The application developer may request tracing be performed on their application. Such tracing data may include tracing information that may be proprietary, such as the values of data elements handled by the application, the application architecture and function, source code of the application, and other information. Because the application developer may consider this as secret or proprietary, such information may be processed and stored in a database that may be separate from the data that may be shared with the module developer and the public at large.

The data collected for each module may be collected when the application is executed. As such, module-specific data collection may be a subset of the available data because the module-specific data may be shared with a module developer who may be another party other than the application development team. In some cases, the module developer may be a third party who may create and disseminate a module without knowing who may use the module in their application.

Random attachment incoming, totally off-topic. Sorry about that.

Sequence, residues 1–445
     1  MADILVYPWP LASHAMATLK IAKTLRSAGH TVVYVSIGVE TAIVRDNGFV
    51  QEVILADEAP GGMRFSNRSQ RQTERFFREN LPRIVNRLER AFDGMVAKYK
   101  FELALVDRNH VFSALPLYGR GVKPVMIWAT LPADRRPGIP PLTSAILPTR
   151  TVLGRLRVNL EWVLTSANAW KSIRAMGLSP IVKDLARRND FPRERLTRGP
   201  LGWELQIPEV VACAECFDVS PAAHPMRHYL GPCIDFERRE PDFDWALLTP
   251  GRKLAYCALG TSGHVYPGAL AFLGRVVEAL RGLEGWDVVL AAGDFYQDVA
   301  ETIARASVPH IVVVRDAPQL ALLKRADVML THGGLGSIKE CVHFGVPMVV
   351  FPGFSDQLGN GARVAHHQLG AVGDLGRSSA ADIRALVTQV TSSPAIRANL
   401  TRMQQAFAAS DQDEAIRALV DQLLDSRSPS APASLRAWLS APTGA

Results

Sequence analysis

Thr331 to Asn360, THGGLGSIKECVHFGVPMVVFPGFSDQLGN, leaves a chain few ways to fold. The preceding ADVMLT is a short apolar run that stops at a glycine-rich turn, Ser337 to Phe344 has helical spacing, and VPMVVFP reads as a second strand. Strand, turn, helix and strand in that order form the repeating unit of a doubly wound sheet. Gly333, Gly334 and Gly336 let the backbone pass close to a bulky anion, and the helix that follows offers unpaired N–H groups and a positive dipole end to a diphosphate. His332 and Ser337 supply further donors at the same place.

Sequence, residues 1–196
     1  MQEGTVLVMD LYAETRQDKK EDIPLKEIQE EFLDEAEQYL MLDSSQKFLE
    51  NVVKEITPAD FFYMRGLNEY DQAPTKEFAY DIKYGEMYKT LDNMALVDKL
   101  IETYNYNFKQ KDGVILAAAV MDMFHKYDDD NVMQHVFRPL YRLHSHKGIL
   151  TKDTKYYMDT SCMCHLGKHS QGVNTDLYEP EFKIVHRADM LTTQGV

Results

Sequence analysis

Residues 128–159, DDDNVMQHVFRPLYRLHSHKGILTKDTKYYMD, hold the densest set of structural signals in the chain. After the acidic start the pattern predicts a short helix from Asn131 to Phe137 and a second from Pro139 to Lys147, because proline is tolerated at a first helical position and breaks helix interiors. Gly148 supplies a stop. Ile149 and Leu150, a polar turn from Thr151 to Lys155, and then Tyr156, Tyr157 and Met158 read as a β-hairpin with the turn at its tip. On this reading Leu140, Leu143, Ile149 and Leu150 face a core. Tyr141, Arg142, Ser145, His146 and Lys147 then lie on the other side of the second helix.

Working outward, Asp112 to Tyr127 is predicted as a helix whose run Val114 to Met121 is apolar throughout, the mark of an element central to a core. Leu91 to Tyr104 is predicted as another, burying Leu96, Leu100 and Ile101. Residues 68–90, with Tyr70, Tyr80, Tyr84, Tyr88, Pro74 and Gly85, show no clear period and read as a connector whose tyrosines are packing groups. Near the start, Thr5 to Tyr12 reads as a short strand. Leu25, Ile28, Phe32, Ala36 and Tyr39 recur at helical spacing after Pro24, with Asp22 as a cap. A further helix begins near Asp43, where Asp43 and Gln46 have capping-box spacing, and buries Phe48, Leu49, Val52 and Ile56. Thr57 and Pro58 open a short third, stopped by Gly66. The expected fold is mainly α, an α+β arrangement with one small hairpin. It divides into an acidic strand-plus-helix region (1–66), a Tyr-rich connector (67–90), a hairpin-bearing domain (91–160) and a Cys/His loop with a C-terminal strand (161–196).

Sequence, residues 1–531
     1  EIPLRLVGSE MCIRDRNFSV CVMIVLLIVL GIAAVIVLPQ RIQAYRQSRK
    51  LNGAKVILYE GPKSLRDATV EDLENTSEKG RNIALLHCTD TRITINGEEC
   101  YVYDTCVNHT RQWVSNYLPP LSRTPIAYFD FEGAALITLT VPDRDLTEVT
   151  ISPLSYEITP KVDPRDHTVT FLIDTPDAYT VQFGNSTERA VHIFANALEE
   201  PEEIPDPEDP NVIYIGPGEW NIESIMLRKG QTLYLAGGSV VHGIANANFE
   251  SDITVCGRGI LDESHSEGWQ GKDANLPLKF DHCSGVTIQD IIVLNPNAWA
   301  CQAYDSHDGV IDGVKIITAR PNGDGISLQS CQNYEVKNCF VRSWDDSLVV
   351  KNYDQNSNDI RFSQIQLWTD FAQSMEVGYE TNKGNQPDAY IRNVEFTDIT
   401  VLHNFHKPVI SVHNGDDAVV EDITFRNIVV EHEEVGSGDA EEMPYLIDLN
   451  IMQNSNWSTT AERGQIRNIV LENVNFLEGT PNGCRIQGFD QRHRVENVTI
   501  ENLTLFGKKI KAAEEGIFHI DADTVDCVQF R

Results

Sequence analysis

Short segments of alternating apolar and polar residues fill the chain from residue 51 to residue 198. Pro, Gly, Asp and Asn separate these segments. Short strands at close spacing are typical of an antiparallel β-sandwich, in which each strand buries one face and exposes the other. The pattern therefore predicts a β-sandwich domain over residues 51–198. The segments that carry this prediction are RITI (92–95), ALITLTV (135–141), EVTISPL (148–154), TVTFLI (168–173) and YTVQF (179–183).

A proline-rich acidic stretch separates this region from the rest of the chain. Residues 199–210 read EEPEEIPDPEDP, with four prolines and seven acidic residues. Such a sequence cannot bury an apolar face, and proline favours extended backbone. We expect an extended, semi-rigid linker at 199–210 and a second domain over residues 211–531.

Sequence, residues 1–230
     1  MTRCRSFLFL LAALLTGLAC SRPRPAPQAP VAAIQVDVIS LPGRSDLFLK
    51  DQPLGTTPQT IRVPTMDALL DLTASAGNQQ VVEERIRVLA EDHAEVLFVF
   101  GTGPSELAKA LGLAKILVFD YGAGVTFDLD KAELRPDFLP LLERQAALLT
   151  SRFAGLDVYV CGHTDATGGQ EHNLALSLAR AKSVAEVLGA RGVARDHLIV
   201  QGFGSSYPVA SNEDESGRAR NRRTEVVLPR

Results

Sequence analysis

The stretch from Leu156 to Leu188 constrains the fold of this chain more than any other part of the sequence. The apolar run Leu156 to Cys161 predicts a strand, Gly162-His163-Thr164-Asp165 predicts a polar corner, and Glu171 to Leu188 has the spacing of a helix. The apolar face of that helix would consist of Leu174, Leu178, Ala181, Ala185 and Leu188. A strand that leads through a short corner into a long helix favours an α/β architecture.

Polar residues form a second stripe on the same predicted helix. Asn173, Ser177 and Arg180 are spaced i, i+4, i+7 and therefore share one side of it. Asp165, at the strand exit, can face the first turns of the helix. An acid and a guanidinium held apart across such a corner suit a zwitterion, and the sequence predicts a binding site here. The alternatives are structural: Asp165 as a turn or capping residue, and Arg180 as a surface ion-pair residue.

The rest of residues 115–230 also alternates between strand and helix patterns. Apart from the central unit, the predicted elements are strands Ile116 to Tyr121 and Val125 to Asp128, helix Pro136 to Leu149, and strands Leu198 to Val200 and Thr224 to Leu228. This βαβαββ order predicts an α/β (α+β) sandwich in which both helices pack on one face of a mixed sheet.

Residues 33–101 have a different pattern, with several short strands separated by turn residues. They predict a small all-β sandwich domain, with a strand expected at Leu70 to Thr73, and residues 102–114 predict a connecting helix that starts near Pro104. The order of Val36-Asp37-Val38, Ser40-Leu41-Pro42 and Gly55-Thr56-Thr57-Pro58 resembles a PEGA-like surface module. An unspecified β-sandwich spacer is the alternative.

The module-specific data may be collected as part of executing an application, but only those subsets of data that the application developer may permit to be collected may actually be collected. In many cases, the application developer may have a set of configuration settings that may enable or disable certain types of data to be collected. In some cases, certain data elements may not be collected at all for module-specific tracing.

In some cases, an application developer may disable or not install application-level tracing but may permit a module developer to collect tracer data as a module executes within the application. In such situations, an application may execute without tracing, but when the module is executed, the tracing may occur only within the module. Such module-specific tracing may be processed and made available to the module developer and, in some cases, a wider audience. In such cases, the module-specific tracing may be much more limited in scope than if the application developer had enabled tracing for the entire application.